30 years of space exploration ends

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By Becca Owsley

Since 1981, America has been sending shuttles into space. Sadly, that era ended July 21 when space shuttle Atlantis touched down for the very last time.

Growing up, I wanted to be several things: an archeologist, jet fighter pilot, movie director and astronaut. For me, space is fascinating. Granted, much of what I enjoy about space is probably derived from fiction, namely “Star Wars.” But the actual true and legitimate outer space always has engaged my brain.

One thing that captivates my thoughts is the sure vastness of space. Solar system after solar system, it goes on forever. What an amazing and imaginative creator we have to have come up with the concept of space and all its complexities.

I’ve also always enjoyed reading and studying about the initial “space race” and the astronauts who had the “right stuff” to take those first missions. I think about what it must have been like to be glued to the television set, witnessing the first steps taken on the moon.

When the shuttles first started launching into space I wanted to go with them. After seeing the film “Space Camp” (and yes, many of my childhood dreams were a result of a movie I saw) I wanted to attend a camp. I even went as far as getting information about going to space camp but never went.

But there also was tragedy. I remember the day in 1986 when I was huddled with many in the library at Lynnvalle Elementary School to watch the launch and tragic explosion of the space shuttle Challenger. It’s one of those moments you always will remember where you were and what you saw.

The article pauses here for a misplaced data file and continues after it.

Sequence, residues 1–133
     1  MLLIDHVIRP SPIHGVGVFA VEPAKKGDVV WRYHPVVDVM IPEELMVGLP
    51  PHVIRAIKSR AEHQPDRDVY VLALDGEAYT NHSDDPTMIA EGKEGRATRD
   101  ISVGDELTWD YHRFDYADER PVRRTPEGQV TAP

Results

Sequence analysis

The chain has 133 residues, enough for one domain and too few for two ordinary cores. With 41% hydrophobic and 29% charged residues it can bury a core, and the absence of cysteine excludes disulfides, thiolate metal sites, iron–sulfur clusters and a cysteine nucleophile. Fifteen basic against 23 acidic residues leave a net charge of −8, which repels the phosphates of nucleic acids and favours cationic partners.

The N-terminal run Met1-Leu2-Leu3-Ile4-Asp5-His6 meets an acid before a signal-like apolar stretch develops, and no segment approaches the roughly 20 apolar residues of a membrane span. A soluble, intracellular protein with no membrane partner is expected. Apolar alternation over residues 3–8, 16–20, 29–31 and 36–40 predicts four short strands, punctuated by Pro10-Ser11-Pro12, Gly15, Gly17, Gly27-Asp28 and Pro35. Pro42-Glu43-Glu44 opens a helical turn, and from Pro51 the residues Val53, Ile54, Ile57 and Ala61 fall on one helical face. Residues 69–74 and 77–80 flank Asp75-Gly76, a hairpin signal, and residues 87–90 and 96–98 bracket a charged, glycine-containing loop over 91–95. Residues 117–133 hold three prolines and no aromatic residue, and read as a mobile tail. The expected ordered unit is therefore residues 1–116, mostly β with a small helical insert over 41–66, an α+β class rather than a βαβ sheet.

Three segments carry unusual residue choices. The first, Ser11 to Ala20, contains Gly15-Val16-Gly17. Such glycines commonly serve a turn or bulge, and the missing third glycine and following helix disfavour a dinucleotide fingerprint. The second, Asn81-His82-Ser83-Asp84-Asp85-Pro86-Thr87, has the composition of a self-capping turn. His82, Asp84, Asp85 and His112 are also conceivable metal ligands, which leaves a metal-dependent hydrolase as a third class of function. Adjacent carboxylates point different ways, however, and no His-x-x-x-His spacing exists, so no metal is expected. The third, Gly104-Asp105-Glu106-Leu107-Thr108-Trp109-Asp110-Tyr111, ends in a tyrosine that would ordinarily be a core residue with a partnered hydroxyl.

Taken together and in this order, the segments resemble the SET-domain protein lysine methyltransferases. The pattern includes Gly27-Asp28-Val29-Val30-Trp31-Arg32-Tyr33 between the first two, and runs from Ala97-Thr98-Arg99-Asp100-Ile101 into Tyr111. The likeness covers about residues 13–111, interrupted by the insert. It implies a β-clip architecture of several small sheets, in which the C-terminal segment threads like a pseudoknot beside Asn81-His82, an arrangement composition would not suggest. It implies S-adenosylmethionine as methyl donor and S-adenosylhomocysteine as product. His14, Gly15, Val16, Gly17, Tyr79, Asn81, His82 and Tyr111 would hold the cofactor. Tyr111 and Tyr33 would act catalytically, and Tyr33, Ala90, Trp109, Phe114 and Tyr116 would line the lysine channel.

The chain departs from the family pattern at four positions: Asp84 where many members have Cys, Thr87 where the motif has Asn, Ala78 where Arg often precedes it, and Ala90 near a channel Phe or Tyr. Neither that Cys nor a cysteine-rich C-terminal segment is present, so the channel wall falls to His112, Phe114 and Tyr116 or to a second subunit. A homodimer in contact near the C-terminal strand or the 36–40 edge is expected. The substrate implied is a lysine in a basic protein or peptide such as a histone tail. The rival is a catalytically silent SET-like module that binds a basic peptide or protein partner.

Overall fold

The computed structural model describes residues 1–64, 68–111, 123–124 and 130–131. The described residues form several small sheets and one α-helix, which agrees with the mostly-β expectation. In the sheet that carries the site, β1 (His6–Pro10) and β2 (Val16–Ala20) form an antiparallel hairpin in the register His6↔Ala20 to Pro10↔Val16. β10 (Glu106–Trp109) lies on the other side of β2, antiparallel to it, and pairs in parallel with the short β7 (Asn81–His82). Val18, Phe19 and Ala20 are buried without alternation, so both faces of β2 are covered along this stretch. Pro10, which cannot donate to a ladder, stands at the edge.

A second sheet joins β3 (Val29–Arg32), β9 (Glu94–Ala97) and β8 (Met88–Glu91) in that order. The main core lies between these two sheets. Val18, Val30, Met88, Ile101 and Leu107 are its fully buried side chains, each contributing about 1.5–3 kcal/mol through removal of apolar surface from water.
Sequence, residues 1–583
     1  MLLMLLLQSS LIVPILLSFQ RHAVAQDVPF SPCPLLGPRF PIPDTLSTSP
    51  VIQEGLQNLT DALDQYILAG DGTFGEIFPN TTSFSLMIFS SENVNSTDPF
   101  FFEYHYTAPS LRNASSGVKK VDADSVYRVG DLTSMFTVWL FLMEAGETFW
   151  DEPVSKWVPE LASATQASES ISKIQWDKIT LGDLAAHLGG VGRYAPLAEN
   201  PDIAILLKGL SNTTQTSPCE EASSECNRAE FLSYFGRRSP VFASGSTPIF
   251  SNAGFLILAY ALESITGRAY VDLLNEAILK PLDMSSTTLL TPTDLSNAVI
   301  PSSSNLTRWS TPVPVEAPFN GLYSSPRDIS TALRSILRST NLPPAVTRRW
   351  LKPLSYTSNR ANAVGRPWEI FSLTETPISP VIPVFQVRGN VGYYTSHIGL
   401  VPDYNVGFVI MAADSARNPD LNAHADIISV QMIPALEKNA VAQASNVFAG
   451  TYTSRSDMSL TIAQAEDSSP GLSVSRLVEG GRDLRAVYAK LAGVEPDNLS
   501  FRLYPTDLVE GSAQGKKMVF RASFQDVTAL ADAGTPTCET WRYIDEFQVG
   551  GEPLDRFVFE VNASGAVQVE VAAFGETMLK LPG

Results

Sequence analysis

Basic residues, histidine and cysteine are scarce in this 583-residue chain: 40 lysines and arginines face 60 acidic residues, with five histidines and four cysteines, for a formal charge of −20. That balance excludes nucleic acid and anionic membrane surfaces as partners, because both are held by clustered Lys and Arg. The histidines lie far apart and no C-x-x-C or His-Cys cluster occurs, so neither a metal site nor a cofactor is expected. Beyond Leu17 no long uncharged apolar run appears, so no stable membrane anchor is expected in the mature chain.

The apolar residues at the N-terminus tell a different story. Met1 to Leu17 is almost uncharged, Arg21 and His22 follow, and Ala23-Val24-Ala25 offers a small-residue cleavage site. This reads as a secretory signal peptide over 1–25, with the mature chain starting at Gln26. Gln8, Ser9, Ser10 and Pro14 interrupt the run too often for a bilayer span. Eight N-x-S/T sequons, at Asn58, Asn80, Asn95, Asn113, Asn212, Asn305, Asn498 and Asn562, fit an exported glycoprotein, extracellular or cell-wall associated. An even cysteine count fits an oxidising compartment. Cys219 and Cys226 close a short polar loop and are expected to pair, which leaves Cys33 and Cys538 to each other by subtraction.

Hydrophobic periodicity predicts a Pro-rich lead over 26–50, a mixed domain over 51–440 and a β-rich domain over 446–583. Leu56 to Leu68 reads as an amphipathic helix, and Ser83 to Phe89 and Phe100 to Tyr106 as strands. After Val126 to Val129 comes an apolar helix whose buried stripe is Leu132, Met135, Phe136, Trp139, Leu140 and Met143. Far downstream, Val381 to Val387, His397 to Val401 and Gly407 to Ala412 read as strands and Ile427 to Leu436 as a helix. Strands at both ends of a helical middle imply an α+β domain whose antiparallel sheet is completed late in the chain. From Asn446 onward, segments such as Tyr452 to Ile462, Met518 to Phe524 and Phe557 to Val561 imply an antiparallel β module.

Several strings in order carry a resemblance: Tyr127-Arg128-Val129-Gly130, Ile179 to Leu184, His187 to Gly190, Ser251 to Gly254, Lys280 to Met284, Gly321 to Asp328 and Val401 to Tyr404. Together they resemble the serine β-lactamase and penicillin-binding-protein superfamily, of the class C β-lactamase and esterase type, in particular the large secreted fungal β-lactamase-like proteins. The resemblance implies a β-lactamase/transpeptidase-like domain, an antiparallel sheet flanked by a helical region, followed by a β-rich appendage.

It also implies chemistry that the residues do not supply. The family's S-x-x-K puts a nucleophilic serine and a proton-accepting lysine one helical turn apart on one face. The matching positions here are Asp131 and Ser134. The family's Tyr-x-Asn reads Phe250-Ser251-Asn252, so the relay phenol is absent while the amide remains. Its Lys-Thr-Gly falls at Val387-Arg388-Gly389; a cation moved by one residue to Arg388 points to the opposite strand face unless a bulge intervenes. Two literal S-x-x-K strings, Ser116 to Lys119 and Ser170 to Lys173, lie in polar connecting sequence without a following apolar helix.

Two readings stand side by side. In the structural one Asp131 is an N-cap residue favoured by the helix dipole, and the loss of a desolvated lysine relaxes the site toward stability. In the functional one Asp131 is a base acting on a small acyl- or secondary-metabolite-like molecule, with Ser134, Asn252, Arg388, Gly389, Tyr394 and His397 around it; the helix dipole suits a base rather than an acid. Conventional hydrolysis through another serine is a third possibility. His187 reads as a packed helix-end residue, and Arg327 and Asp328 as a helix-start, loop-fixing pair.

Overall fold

With the grounding of the space shuttle program there will be a large gap of American space exploration. NASA has another project in the works called the Orion MPCV that is supposed to take us further into space than previous methods. It still is in testing phases so it could be years before it is operational.

For me, this gap is sad. With most of the planet earth explored our pioneer spirit only has one other place to search — space. The exploration is limitless. I know the program is expensive and might not have a lot of impact on the human condition. But for me, going into space is exciting, adventurous and down right cool.

And personally, this little hiccup in the program is going to make me have to completely rethink a fiction story I have in my head about a scientific colony on the moon. But that really has no impact in the world in general. It will just make me have to be a bit more creative in thinking about the character’s transportation to the moon.

Overall, I am sad the space shuttle program is over. It was something that began when I was a child and is a part of my own timeline in history.

I hope NASA still is able to send people into space and that we do get to explore strange new worlds and seek out new life and new civilizations. Maybe, just maybe, if the new program is developed we truly will be able to boldly go where no man has gone before.

Becca Owsley can be reached at (270) 505-1741.